Competition time can be stressful for all swimmers no matter your age or skill level. Recall a typical morning on deck at a major meet and how you generally feel:

Following your warm-up nervousness may start to set-in, and you feel your breathing getting faster and a heaviness in your chest.  You have been making some good times in training and you want to do well in this meet.  You look around to see many of your opponents acting quite confident and relaxed, while others look dazed and unsure.  When you sit in the marshaling area the swimmers next to you talk about their best times for the event and you begin to feel intimidated.

This scenario is very familiar in swimming.  High-pressure situations are an integral part of swimming.  Major competitions always have pivotal moments where great performances can carry you into higher-level international meets.

High-pressure situations do not have to be perceived as unpleasant.  The best swimmers in the world perceive pressure as positive energy that can enhance motivation, and create a readiness to rise to the challenge.  It is important that you learn to embrace the pressure of competition so that you can fully enjoy the experience of racing.

In this article, I will provide you tips on how to respond well in high-pressure situations.  I will introduce the factors that you should draw your attention to that will help you feel more in control of your performance, confident, and less stressed at a meet.

What do you focus on at a meet? 

Many athlete are not aware that what you choose to focus on at a meet can either help you to feel confident and in control or increase the feeling of pressure.

What factors should you ignore right before you race? 

A focus on the following factor can increase the feelings of pressure:

– Other people (opponents, parents, coaches).

– Your previous performance in the same event.

– The outcome of your race, the time, and making PB’s in particular.

– Focus on avoiding mistakes or NOT getting disqualified.

To understand what you should direct your focus toward that will help you feel more in control and more confident, let’s take a look at what the best swimmers in the past and present focus on during competitions.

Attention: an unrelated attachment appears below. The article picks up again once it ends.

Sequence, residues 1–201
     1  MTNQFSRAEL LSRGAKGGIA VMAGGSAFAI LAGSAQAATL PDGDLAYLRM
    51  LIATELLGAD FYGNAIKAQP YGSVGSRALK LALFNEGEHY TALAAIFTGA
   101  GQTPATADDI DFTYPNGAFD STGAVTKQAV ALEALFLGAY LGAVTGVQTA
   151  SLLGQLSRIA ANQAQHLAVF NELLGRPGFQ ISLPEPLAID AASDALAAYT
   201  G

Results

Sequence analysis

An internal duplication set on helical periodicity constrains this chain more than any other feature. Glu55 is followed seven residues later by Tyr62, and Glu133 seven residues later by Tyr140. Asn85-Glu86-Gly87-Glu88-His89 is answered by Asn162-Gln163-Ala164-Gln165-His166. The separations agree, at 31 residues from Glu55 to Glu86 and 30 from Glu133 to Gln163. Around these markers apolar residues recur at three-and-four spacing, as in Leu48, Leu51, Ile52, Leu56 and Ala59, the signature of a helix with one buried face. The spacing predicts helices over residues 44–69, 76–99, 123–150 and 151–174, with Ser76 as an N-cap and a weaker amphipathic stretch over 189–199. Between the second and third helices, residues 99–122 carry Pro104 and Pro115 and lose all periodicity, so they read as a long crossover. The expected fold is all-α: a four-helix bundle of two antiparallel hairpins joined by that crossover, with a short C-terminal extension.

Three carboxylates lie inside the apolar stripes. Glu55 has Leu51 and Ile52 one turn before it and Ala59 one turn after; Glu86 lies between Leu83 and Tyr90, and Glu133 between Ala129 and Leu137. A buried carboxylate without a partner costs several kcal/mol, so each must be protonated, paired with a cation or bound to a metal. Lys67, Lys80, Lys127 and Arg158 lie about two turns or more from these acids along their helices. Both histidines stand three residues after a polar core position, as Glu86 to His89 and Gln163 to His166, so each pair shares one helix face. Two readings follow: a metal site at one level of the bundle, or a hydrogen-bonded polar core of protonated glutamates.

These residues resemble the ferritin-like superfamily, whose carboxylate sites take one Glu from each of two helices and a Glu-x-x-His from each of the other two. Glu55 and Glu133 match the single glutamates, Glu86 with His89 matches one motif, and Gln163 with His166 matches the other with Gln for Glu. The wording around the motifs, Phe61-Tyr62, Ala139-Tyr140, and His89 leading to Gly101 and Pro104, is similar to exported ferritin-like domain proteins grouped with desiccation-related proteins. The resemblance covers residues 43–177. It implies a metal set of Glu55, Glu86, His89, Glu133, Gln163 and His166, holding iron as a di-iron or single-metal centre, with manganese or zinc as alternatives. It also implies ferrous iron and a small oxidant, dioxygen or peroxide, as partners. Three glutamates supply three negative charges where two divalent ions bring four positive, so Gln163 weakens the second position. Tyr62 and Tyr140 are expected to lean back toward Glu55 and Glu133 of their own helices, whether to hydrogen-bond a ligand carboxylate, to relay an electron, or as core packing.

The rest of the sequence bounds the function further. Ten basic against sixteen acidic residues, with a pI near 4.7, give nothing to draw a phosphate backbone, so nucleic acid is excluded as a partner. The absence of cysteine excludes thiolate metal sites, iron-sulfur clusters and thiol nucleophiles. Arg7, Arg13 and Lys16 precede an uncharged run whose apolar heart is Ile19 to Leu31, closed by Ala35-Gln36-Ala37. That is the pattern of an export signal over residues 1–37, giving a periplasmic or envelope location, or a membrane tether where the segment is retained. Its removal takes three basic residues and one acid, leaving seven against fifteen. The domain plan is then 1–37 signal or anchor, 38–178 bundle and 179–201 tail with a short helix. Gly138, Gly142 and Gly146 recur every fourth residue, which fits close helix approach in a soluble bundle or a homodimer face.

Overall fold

“I swam the race like I trained to swim it.  It is not mathematical.  I just let my body do it.  It is a lot easier if you let your body do what it is trained for.”  – Ian Thorpe

When Ian was at his peak, he focused on replicating his performances in training.  He competed like he trained.  You can not expect magic in competitions, you can only expect the “out-put” of what you “put-in” at training.  Strong effort in training will ensure you feel ready to imitate that feeling in competition.

“I’m not thinking about the money or medals or anything else; I’m just having fun racing.  Right after that, I get out of the pool, I’m back to being relaxed Ryan.”   – Ryan Lochte

Ryan loves racing.  He is NOT focused on anything else but enjoying the feeling of pushing his limits and challenging himself.

“I concentrate on preparing to swim my race and let the other swimmers think about me, not me about them.”  – Amanda Beard

Amanda does NOT allow herself to be distracted by how her opponents look on deck or how they perform, she focuses on herself and her race plan.

What should I focus on?

A focus on the following factors at a meet will help you to feel more in control of your performance:

– Focus on yourself and your strengths

– Thinking about your race plan, focus in the moment.

– Competing like you train.

– Focus on effort and pushing your limits, not holding back.

Remember that you have the power to reduce the feeling of pressure and anxiety by re-directing your thoughts to what you can control; yourself and your race plan.

Dr Jay-Lee Longbottom PhD | Psychologist MAPS
Book an appointment with our Singapore-based psychologist Jay-Lee to help enhance your focus for race day at the Singapore Sports Medicine Centre.